A Mother’s Work

Some repair commissions are so much more than mending a hole or two. I recently completed a very special commission, which I would like to share with you. Bernadette sent me an email with a repair commission request, and as she has put her conundrum in such concise and clear words, I will quote the relevant parts here:

I have a pullover that my mother knitted me in the 1980s.  It was  cream coloured natural wool — I’ve since dyed it grey.  It’s a typically big and baggy eighties style from a pattern by Edina Ronay. It didn’t really suit me, the undyed colour was a kind of dirty cream and the neckline is wrong.  

There’s a lot of my mother’s work in this garment.  I don’t want to get rid of it – it’s about 25 years old and it’s been at the back of a cupboard for a long time.  So I had an idea to make it wearable by dyeing it grey.  This wasn’t wholly successful. The colour is a bit patchy but on the whole I prefer it to the cream.  It still looked massive on me.  I had another idea to turn it into a cushion – it’s got nice (I think Guernsey) textured patterns all over it and the body would be big enough to make a substantial cushion cover.  So I cut off one of the sleeves, with a view to hacking the thing to bits to make a cushion.  As soon as I’d cut off the sleeve I regretted it.  

There’s  a small hole in one sleeve too.  The pullover means a lot to me, especially since my mother died a couple of years ago.  We didn’t have much in common and knitting is one of my only true connections to her.

Visible Mending Programme - Jumper with hacked off sleeve

Bernadette’s jumper, you can see the cut off sleeve with ragged seams. In this picture I already unpicked the top of the sleeve and picked up the stitches

We exchanged a few emails so I could get a feel of what she wanted and come up with a repair strategy before meeting up.

Thank you for your kind reply.  I’m so glad you understand about the jumper – and about mothers!  I’m sure my own mother would think I was completely mad to be trying to fix up this old jumper she made.
As you can see – not only did I cut off a sleeve, I also cut open the seam of the sleeve.  Why  – I couldn’t really say at this point.  The wool is a bit felted through age, so nothing has come unravelled at all.
Re the neckline – it used to be a lot wider. I think maybe the jumper has shrunk a little bit because the neckline doesn’t seem so wide as I remember it. I guess it’s okay how it is.
I had to come up with a way of reconstructing the sleeve without losing too much of the original knitting. As the sleeve had been cut off and open, rather than carefully unpicked at the seams, I had some unravelling to do and fill in the missing inch at the very top of the sleeve cap. I also needed to do something about the side seams, as these could not be sewn together as they were.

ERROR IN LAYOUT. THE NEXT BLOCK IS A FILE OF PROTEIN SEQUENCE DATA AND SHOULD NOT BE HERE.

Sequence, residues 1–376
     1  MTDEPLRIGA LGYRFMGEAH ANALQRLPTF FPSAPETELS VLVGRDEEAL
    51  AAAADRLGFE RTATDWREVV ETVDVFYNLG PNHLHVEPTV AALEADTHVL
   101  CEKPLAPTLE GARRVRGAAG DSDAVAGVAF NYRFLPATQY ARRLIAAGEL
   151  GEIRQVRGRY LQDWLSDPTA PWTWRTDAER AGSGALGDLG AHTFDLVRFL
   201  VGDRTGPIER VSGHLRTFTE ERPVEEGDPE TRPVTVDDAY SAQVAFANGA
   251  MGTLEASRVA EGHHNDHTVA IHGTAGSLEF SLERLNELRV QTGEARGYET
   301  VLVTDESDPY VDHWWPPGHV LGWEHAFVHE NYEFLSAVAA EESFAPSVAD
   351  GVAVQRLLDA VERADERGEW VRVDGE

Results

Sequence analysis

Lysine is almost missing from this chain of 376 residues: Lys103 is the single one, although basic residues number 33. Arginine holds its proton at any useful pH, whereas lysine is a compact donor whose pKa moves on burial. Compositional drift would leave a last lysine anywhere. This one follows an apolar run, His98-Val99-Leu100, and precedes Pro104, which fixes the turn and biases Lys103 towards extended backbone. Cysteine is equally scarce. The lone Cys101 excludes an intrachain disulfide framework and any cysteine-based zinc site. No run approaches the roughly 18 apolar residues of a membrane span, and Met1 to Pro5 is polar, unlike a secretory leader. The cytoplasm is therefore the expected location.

The Visible Mending Programme - Shoulder and Sleeve Detail
A sympathetic contrasting colour was used to fix the sleeve and make up for lost fabric
Looking for a colour that would provide some contrast, yet harmonise well with the lavender grey of the jumper, I settled on a dark grey alpaca sock yarn. I chose a cable stitch that resembled the stitch in the jumper, but wasn’t quite the same to reinforce the idea that this repair was not done by the person who originally knitted the garment.
Picking up stitches from somebody else’s work felt really intimate, and throughout the repair my thoughts went out to Bernadette, and her mother. I admired the skill and effort that went into making this jumper, the even stitches. I have never met Bernadette’s mother, but picking up her work forged a connection, and I imagined how she worked on this jumper. I will never know what might have gone through her mind, yet I was wondering about this; wondering what she would’ve thought about her daughter asking to do this Visible Mend.
Visible Mending Programme - invisible mend on sleeve
One invisible mend is hiding on the sleeve – can you see it?
As I had some original yarn from unravelling the untidy cut edges, I did an invisible mend on the hole in the sleeve. I felt that another, seemingly randomly placed visible mend would distract from the visible sleeve reconstruction. Once I had sewn up the jumper, I ‘de-pilled’ it, and then gently hand-washed it before blocking it. I had asked Bernadette not to wash the jumper before giving it to me for repair, as this might inadvertently do more damage: stitches might unravel, or more felting might occur. As always, once I feel I’ve completed the repair, the final touch was stitching the Visible Mending Programme initials into the garment.
The Visible Mending Programme - stitched logo
VMP – Visible Mending Programme
I guess you might want to know what the jumper looks like now?
Bernadette can wear her mother’s handiwork again, and be reminded of their one true connection
Both Bernadette and I were very pleased with the end result, so let me end with her own words, providing another little glimpse on the value of this jumper: